George Krucik, MD, MBA
According to the National Multiple Sclerosis Society, as many as 400,000 Americans suffer from multiple sclerosis with as many as 200 more people being diagnosed every week. It is considered an autoimmune disease, as well as a neurological condition, with a variety of symptoms. It is for these symptoms that many Americans are turning to herbal and natural remedies, and patients are not the only ones. Researchers are also looking into the connection between herbs like curcumin, or turmeric, and their ability to help treat a variety of diseases, including multiple sclerosis.
Curcumin, or turmeric, is a natural spice most often used in curry dishes. It has also been used for many years to treat heartburn, stomach pain, bloating, jaundice, headaches, fibromyalgia, fever and even cancer. According to the National Institutes of Medicine, the chemicals found in turmeric reduce swelling and inflammation and offer neuroprotective properties. In 2002, Dr. Chandramohan Natarjan from Vandervilt University, looked at curcumin to treat multiple sclerosis and shared his findings at the annual Experimental Biology 2002 conference. Testing mice with experimental autoimmune encephalomyelitis, or EAE, which is similar to multiple sclerosis in humans, Natarjan administered curcumin in 50 and 100-microgram doses three times a week. They were monitored over the next 30 days and the mice that were given 50 micrograms showed only minor neurological symptoms. The mice that were given the 100-microgram doses showed almost no neurological symptoms at all.
Multiple sclerosis is an autoimmune disease that primarily affects the central nervous system -- the brain and the spinal cord. The immune system is designed to protect you from bacteria and viruses. In cases of multiple sclerosis, the nervous system short circuits and attacks the myelin sheath that protects the ends of nerve cells. When the myelin is damaged, the signals that are normally sent through the nerves are slowed down or stopped completely. The cause of multiple sclerosis, or MS, is unknown but according to the National Institutes of Health, there is a higher incidence of MS in northern latitudes, implying a possible environmental component.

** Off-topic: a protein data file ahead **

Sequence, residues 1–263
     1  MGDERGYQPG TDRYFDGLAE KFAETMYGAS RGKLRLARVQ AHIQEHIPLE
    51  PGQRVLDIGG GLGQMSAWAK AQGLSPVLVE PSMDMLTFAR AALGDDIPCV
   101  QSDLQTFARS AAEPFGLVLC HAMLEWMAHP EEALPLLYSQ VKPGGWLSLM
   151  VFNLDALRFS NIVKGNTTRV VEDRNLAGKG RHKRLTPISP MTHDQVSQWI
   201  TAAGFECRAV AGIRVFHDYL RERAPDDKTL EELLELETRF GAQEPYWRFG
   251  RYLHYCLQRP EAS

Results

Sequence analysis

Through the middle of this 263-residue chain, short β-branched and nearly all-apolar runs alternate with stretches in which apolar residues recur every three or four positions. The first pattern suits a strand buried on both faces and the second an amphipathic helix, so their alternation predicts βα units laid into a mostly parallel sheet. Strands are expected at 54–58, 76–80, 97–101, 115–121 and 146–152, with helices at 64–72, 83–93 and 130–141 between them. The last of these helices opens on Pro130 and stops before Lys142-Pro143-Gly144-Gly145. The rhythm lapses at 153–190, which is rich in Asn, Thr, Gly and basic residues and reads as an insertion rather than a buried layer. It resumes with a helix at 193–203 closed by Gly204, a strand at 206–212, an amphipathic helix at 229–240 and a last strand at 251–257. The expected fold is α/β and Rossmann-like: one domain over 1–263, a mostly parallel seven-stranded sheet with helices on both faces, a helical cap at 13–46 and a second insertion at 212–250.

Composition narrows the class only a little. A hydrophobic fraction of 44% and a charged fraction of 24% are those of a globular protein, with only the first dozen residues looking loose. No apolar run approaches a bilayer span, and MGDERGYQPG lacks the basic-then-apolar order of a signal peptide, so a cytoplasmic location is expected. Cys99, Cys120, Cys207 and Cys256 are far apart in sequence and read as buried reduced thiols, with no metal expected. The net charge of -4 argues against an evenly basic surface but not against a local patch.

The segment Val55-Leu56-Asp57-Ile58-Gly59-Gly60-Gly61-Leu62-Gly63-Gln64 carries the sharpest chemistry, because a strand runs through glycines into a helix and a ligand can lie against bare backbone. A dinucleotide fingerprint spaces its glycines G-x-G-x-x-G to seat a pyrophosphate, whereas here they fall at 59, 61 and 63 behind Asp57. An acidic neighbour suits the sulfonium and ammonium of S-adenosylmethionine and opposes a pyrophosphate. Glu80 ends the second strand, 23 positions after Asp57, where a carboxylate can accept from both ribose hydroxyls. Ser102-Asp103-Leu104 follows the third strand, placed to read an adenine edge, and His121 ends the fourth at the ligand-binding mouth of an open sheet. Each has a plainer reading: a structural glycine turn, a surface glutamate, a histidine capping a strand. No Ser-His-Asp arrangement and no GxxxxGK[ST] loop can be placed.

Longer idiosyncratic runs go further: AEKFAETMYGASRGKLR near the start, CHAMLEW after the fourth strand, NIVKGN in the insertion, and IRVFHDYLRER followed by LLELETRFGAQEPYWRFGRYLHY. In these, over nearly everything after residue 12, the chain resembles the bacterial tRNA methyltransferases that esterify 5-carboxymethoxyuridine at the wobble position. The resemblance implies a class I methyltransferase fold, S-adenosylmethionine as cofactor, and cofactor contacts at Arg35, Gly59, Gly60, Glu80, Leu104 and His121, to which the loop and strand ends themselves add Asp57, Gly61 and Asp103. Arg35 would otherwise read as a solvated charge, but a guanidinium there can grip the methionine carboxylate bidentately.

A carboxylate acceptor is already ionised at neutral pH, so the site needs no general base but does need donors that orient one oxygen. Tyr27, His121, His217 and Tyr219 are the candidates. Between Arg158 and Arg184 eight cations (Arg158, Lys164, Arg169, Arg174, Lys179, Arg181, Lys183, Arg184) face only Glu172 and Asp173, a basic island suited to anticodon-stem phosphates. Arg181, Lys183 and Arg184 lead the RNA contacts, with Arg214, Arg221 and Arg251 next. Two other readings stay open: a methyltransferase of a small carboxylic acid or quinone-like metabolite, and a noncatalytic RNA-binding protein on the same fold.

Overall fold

A 2007 study published in “Advances in Experimental Medicine and Biology” found that curcumin helped to treat symptoms of multiple sclerosis by regulating inflammatory cytokines. While benefits are traditionally found through regular dietary consumption, researchers believe that, before using purified active compounds of curcumin, more studies need to be conducted in order to determine the appropriate dosage. Another study published in March of 2011 in “International Immunopharmacology” reports that curcumin shows progress in the treatment and pathophysiological progress of multiple sclerosis. Its anti-inflammatory and neuroprotective effects showed potential as protection from multiple sclerosis. A 2009 study published in "International Immunopharacology" showed results similar to the 2002 study by Dr. Chandramohan Natarjan. Using mice with EAE, their research revealed that treatment with curcumin dramatically reduced neurological symptoms.
As with any herb or vitamin supplement, the use of curcumin outside of normal cooking should be discussed with your physician. Curcumin is a natural blood thinner and should be used with caution if you are taking anticoagulants, or blood thinning medication, such as Coumadin. Taking these together can put you at risk for bleeding and bruising. There is currently no recommended dose for curcumin in the treatment of multiple sclerosis.
- National Multiple Sclerosis Society: FAQs About MS
- "International Immunopharmacology"; Amelioration of Experimental Autoimmune Encephalomyelitis by Curcumin Treatment Through Inhibition of IL-17 Production; L Xie et al.; May 2009
- I-Base; Turmeric May Slow Multiple Sclerosis Progression; June 2002
- “Advances in Experimental Medicine and Biology”; Curcumin and Autoimmune Disease; JJ Bright; 2007
- “International Immunopharmacology”; Curcumin Has Bright Prospects for the Treatment of Multiple Sclerosis; L. Xie et al.; March 2011